In July 1856, pro-slavery forces suppressed a meeting of the Free State government in Topeka, another anti-slavery stronghold. Brown again retaliated, leading his supporters in guerrilla attacks at Black Jack and Osawatomie. That fall, newly appointed territorial governor John Geary ordered armed settlers to disperse, and the violence waned.
In late 1857, Free Staters boycotted the vote to send delegates to a constitutional convention at Lecompton, citing illegal pro-slavery influences on the election. Seeking to quickly resolve the issue of Kansas statehood, President James Buchanan pushed Congress to accept the Lecompton Constitution, despite overwhelming opposition from Douglas and others who saw it as an illegal violation of popular sovereignty.
As a compromise, Congress sent the Lecompton Constitution back to Kansas for another vote in August 1858; this time Free Staters voted, and the constitution was rejected.
Impact of Bleeding Kansas
Though attention on Kansas had waned after 1856, sporadic violence continued, including the murder of a group of Free Staters along the Marais des Cygnes River in May 1858 and the temporary return of Brown, who led a raid to liberate a group of enslaved people in the winter of 1858-59. Brown’s role in the violence in Kansas helped him raise money for his raid on Harpers Ferry in Virginia in 1859. The raid failed, and Brown was executed, becoming a martyr to the abolitionist cause.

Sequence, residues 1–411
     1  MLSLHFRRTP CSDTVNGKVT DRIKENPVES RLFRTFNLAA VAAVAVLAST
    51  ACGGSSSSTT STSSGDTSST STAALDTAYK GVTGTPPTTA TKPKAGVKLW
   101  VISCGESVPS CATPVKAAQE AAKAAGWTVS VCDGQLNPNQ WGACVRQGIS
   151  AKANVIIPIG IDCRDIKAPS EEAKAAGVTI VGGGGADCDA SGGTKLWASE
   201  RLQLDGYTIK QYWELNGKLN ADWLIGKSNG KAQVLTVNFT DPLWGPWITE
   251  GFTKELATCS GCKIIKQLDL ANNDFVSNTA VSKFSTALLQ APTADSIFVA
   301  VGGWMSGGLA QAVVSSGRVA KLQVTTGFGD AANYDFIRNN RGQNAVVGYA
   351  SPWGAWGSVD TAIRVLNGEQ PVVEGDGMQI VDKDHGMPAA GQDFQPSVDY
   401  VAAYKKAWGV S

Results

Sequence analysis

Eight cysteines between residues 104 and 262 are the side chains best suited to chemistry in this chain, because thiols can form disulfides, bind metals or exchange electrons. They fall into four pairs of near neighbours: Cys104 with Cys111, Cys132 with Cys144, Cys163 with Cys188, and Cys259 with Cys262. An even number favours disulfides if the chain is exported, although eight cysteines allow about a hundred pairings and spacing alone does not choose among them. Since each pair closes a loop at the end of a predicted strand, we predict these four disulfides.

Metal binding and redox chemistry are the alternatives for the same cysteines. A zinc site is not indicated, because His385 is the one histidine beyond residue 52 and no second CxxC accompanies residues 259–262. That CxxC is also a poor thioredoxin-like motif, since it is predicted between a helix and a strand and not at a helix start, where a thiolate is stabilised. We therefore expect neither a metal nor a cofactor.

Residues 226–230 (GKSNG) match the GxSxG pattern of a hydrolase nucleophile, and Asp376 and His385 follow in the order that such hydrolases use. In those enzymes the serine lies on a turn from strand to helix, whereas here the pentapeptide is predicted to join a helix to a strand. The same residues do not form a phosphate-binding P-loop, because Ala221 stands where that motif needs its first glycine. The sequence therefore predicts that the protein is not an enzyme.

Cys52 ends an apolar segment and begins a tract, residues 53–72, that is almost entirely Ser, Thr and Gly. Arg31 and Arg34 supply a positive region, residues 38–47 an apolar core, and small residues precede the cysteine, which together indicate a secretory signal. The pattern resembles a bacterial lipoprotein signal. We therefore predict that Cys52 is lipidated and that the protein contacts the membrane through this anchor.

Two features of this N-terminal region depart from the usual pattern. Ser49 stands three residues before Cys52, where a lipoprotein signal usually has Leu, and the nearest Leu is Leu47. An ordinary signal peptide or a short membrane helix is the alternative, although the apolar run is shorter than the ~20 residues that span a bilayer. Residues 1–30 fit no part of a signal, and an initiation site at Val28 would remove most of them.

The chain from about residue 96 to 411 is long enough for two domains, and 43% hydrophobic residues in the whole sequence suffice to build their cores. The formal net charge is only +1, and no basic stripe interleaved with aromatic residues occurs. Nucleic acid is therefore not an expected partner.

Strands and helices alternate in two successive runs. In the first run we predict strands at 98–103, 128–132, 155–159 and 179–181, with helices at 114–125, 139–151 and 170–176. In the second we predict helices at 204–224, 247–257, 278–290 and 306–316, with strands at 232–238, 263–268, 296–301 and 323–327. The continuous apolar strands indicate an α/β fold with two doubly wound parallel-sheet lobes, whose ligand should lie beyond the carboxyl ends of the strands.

The unsettled situation in Kansas was still a matter of heated controversy during the 1858 Senate race in Illinois, when the former one-term congressman Abraham Lincoln, now a Republican, challenged Douglas for his Senate seat. Lincoln lost that race but his eloquent performance in their series of debates helped revive his political career and earn him a national reputation by 1860.
Though Kansas adopted a free state constitution in a convention at Wyandotte in 1859, pro-slavery forces in the Senate refused to let the territory enter the Union as a free state. Only after the Confederate states seceded in the wake of Lincoln’s election in 1860 did Congress approve the Wyandotte Constitution. Kansas entered the Union in January 1861, barely three months before the Civil War began.
Bleeding Kansas. American Battlefield Trust.
Ross Drake, “The Law That Ripped America in Two.” Smithsonian, May 2004.
Nicole Etcheson, “Bleeding Kansas: From the Kansas-Nebraska Act to Harpers Ferry.” Civil War on the Western Border: The Missouri-Kansas Conflict, 1854-1865. Kansas City Public Library.
Eric Foner, The Fiery Trial: Abraham Lincoln and American Slavery (W.W. Norton, 2010)